J
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lisascenic
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« Reply #25 on: July 23, 2010, 12:46:02 AM »

I think that you have to move last fear. Put on your Big Girl Beesuit!
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saritacoleman
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« Reply #26 on: July 23, 2010, 01:21:00 PM »

"I think that you have to move last fear. Put on your Big Girl Beesuit!"

I'm doing my darnest to try. We are not going in this weekend. Too hot to be any fun.

Monday is looking cooler so that's when we will go in.

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winginit
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« Reply #27 on: July 23, 2010, 01:57:06 PM »

Sean--thanks for your post, I was wondering about that. I can't put my gloves near the brood frame without the bees buzzing really loudly, and they come out if I lift it (but it's okay if I'm 4 frames away from the center of the brood). Gloves aren't very old, but I might just clean them as I'm sure I've killed a few bees with them. Also, I got stung through my suit (on the underarm), will that be enough pheromone to make a difference? I'm thinking that if Allen has never washed his jacket, it's not a problem.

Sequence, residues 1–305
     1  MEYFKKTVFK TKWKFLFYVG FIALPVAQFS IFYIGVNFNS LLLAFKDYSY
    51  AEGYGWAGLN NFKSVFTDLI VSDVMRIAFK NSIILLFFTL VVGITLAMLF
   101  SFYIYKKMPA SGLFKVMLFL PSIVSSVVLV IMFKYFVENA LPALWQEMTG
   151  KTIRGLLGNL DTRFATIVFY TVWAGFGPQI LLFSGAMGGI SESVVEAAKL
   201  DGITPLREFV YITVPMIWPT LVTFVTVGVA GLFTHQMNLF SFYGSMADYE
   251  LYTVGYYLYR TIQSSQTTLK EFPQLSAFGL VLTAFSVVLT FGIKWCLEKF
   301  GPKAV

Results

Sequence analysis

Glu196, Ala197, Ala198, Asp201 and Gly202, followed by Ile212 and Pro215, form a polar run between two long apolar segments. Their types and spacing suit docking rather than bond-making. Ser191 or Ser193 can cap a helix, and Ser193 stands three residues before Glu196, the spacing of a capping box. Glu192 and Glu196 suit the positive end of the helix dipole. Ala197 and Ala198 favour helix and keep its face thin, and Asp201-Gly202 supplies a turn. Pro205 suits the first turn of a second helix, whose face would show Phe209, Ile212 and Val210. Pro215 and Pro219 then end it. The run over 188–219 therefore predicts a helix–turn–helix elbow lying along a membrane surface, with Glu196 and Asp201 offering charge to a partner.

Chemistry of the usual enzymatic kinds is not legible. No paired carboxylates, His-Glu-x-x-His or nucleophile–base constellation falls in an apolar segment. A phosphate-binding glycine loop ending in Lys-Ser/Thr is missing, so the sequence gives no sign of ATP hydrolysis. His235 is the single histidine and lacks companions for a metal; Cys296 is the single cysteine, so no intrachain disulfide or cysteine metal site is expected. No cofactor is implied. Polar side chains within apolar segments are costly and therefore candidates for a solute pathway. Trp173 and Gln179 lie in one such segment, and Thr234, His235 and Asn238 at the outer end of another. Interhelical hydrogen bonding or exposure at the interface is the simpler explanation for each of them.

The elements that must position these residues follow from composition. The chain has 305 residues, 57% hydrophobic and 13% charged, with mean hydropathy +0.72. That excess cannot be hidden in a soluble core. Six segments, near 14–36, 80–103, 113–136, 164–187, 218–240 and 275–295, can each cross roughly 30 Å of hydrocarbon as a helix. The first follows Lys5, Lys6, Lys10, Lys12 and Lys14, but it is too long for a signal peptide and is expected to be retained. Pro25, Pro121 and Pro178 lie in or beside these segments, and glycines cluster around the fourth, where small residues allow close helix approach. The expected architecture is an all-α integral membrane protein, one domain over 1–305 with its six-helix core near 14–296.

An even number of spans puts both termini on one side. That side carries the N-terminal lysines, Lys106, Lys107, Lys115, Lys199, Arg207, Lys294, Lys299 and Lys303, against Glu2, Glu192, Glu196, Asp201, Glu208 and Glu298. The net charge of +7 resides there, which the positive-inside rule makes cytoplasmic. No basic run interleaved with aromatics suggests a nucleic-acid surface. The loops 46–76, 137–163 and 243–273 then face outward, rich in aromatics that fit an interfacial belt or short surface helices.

Sarita--big girl beesuit, LOL. Sometimes I have mine on, and I'm suddenly really nervous. Other times, I'm just fine. I think the loudness of the hive has a lot to do with it. When they're quiet, I'm quiet. When they get loud, I'm nervous...and I get louder too, talking to them (telling them that everything is okay, which they don't believe at all). 
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bberry
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« Reply #28 on: July 23, 2010, 05:32:49 PM »

I find that our bees almost always go into a snit in mid to late summer~whatever the reason i figure it's better to fully suit up and have all your ducks in a row before inspection so you can get in and out quickly! I usually like to take pics of my frames just for reference...but not in summer grin
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beekeeper1756
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« Reply #29 on: July 24, 2010, 10:16:32 AM »